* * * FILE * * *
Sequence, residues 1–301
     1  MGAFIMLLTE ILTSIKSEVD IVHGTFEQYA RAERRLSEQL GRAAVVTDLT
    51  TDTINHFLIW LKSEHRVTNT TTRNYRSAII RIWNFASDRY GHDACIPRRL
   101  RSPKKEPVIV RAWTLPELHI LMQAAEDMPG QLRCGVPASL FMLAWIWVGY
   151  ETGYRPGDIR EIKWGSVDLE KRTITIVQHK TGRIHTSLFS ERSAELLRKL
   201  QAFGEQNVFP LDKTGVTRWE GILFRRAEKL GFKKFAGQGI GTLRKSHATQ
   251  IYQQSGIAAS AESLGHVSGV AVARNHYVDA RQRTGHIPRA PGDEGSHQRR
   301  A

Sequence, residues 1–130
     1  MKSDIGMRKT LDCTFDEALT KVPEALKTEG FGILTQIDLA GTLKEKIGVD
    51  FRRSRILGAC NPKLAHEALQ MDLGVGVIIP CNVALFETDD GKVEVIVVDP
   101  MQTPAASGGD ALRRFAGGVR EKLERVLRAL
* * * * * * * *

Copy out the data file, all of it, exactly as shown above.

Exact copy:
Sequence, residues 1–301
     1  MGAFIMLLTE ILTSIKSEVD IVHGTFEQYA RAERRLSEQL GRAAVVTDLT
    51  TDTINHFLIW LKSEHRVTNT TTRNYRSAII RIWNFASDRY GHDACIPRRL
   101  RSPKKEPVIV RAWTLPELHI LMQAAEDMPG QLRCGVPASL FMLAWIWVGY
   151  ETGYRPGDIR EIKWGSVDLE KRTITIVQHK TGRIHTSLFS ERSAELLRKL
   201  QAFGEQNVFP LDKTGVTRWE GILFRRAEKL GFKKFAGQGI GTLRKSHATQ
   251  IYQQSGIAAS AESLGHVSGV AVARNHYVDA RQRTGHIPRA PGDEGSHQRR
   301  A

Sequence, residues 1–130
     1  MKSDIGMRKT LDCTFDEALT KVPEALKTEG FGILTQIDLA GTLKEKIGVD
    51  FRRSRILGAC NPKLAHEALQ MDLGVGVIIP CNVALFETDD GKVEVIVVDP
   101  MQTPAASGGD ALRRFAGGVR EKLERVLRAL